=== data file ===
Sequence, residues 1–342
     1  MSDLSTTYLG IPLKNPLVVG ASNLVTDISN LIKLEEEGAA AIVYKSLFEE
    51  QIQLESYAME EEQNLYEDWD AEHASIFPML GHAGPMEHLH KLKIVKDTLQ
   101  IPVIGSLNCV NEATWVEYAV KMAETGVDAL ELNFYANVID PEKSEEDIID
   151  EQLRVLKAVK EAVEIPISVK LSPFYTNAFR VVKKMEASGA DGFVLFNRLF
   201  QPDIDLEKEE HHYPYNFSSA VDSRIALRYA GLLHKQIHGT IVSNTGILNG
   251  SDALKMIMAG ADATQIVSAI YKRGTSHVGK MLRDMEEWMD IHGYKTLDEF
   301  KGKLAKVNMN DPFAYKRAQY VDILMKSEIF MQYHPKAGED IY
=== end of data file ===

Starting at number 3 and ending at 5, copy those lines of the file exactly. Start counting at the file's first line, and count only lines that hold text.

    51  QIQLESYAME EEQNLYEDWD AEHASIFPML GHAGPMEHLH KLKIVKDTLQ
   101  IPVIGSLNCV NEATWVEYAV KMAETGVDAL ELNFYANVID PEKSEEDIID
   151  EQLRVLKAVK EAVEIPISVK LSPFYTNAFR VVKKMEASGA DGFVLFNRLF